When I was at university, there was a guy called David Butler who used to appear in some of our lectures. He was studying for his PHD, and as undergraduates we didn’t really mix with him. But then Chris Sudworth got involved in the new student radio station at Manchester University, bring a group of student’s who wanted to write together to create a soap opera for the station, called Five Lives. The group was an odd mix, with some taking the whole thing very seriously and then me and one other student thinking that the whole thing would be much better as a surreal comedy. That other writer was David.
Through the regular read-throughs, I got to know David and discovered he was also a Doctor Who fan with a growing collection of Big Finish audios. We kept in touch, and ended up in the same writing group when David finished his PHD and got a job as a lecturer in the Drama Department. Part of the job for lecturers is showing that they have contributed to the sum of critical thinking in their field: David’s plan was to bring together a collection of new critical papers about Doctor Who that could be presented at a day conference. By this point, I was already a published Doctor Who author, and so he asked me if I would submit a paper.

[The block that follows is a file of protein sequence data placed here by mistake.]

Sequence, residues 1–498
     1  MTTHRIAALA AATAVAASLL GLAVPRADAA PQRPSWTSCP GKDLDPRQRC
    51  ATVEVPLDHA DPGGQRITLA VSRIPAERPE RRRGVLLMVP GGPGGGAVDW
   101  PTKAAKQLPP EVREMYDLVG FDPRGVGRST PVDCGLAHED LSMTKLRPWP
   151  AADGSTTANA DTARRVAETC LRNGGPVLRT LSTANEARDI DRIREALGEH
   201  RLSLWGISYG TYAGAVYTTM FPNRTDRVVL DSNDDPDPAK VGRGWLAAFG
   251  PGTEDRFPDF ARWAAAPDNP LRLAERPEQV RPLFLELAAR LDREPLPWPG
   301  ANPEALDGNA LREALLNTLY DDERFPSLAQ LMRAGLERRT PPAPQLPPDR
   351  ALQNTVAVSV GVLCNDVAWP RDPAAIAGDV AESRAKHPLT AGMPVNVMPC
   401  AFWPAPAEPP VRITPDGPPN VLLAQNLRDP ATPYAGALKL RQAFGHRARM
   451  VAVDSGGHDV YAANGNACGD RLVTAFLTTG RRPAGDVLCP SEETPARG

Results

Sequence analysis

David started organising his event in 2003, and at that point – post-Heritage and pre-Russell T Davis – my love of Doctor Who had waned. I’d gone from a completist to a cherry-picker, and whenever I was asked I would say that my favourite era of Doctor Who was the Virgin New Adventures era. When thinking about what I wanted to find out more about, the answer was obvious. It did also occur to me that I was friends with Peter Darvill-Evans and Paul Cornell on social media, and that it might be possible to interview them.
Initially, David only wanted a short proposal for the paper, detailing the areas it would cover and the methodology it would use. This was drafted and duly sent in, where it then disappeared inside the University processes: the day was being organised by David through the Drama Department, and they had to approve all the contributions and contributors. After a short delay, however, I was told that my paper had been accepted as the sole representative of the prose era of Doctor Who.
The first thing I did was reread the first four New Adventures, and the two Target novelisations that were reputed to have inspired them. I also dug out all the old Celestial Toyroom and DWM articles that I had that mentioned the New Adventures even tangentially. These gave me enough background on the era I wanted to focus on – the transition from novelisations to original fiction – to come up with a draft list of questions that I wanted to ask Peter Darvill-Evans and Paul Cornell. So then I had to make my initial approach.